BOOK REVIEW: Widow of the South

May’s pick for our When Johnny Comes Marching Home: A Civil War Book

Widow of the South

Discussion is The Widow of the South by Robert Hicks.

This book had been sitting on my to be read bookshelf for more than 8 years (and yes, I do have an entire bookcase of books that I have not read yet!). I remember picking it up in the grocery store, of all places, when I was out shopping with my grandmother, and thinking it was intriguing enough to go in my cart. Eight years later, the book finally made it to the top of my list for this book club.

It’s November 1864 and the Civil War has waged on for more than 3 1/2 years now. Carrie McGavock is sitting in her bedroom, rocking back and forth in her chair when General Nathaniel Bedford Forrest comes knocking at her door. Her house is being taken as a field hospital. Her town of Franklin is now a battlefield.

All throughout town men are falling, wounded or dead. Carrie’s plantation has now become a field of the battle scarred. Four generals lie dead on her porch and the pile of limbs grows taller and taller. One soldier taken to Carrie’s plantation is Zachariah Cashwell, a Confederate soldier from Arkansas. Cashwell was struck with a bullet in the leg when he attempted to raise the colors. He’s in tough shape- he needs his leg amputated but would rather die.

What ensues between Carrie and Zachariah was recently named by Amazon as one of the Top 50 Love Stories. Initially angered at Carrie’s interference in the amputating of his leg, Zachariah grows to love Carrie. Theirs is a relationship that will never be anything more, they care deeply for each other.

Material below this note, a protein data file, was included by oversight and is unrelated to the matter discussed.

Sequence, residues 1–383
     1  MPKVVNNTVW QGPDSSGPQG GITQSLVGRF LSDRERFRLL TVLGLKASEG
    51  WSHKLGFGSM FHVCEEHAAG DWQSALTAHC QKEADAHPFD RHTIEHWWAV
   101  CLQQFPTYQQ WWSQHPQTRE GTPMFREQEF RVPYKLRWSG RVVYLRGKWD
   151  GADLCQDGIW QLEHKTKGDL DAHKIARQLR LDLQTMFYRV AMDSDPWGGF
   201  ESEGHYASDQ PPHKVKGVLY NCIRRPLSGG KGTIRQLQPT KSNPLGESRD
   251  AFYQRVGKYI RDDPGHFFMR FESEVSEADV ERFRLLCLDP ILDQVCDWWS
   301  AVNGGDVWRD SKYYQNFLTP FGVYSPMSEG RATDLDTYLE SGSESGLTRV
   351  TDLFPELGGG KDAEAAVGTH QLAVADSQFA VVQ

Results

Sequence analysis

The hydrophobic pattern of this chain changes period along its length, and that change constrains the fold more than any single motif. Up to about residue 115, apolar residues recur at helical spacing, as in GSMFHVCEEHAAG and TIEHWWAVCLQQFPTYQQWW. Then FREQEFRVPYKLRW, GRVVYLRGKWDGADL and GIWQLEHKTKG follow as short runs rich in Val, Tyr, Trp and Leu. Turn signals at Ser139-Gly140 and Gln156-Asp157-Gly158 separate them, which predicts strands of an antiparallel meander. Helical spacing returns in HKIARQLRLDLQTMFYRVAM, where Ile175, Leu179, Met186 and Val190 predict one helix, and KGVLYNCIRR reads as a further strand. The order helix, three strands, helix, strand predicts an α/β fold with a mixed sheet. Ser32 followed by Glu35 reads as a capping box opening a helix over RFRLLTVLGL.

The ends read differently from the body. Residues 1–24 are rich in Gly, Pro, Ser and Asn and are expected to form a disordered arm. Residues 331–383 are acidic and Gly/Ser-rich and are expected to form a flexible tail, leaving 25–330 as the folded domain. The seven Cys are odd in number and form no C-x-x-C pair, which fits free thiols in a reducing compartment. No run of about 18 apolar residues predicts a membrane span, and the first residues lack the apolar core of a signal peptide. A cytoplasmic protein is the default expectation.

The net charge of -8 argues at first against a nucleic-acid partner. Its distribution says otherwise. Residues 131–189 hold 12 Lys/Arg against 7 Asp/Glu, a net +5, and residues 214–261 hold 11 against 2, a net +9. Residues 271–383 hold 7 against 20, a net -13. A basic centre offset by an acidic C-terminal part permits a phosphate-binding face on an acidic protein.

While I enjoyed Zachariah and Carrie’s friendship- really what I found the “love” story to be- what I enjoyed the most was the telling of the battle of Franklin and Carrie’s quest to honor the men and boys who fought and died there. Too much time was spent on matters that were not pertinent to the heart of the story, which was Carrie and the cemetery.

Based on the true story of Carrie McGavock and Carnton plantation, McGavock’s backyard became the final resting place for 1,500 Confederate soldiers. She was known for her meticulous care and keeping of the cemetery, which she tended until her death some 50 years later.

I listened to this book, which was a full cast audio, switching between the voice of Zachariah and Carrie, as well as a narrator. The readers were just OK in my opinion- the woman who read for Carrie sounded much older than her 35 years.

Hicks, to me, what at his best and most passionate in his Author’s Note, when he told the story of Carrie and her cemetery. Hicks had worked for many years as the driving force behind the preservation of the Carnton Plantation, and he was intimately acquainted with the property and those who lived there. I wished the rest of the story could have been so eloquently told as his Author’s Note.

Rating: 3 out of 5 stars.

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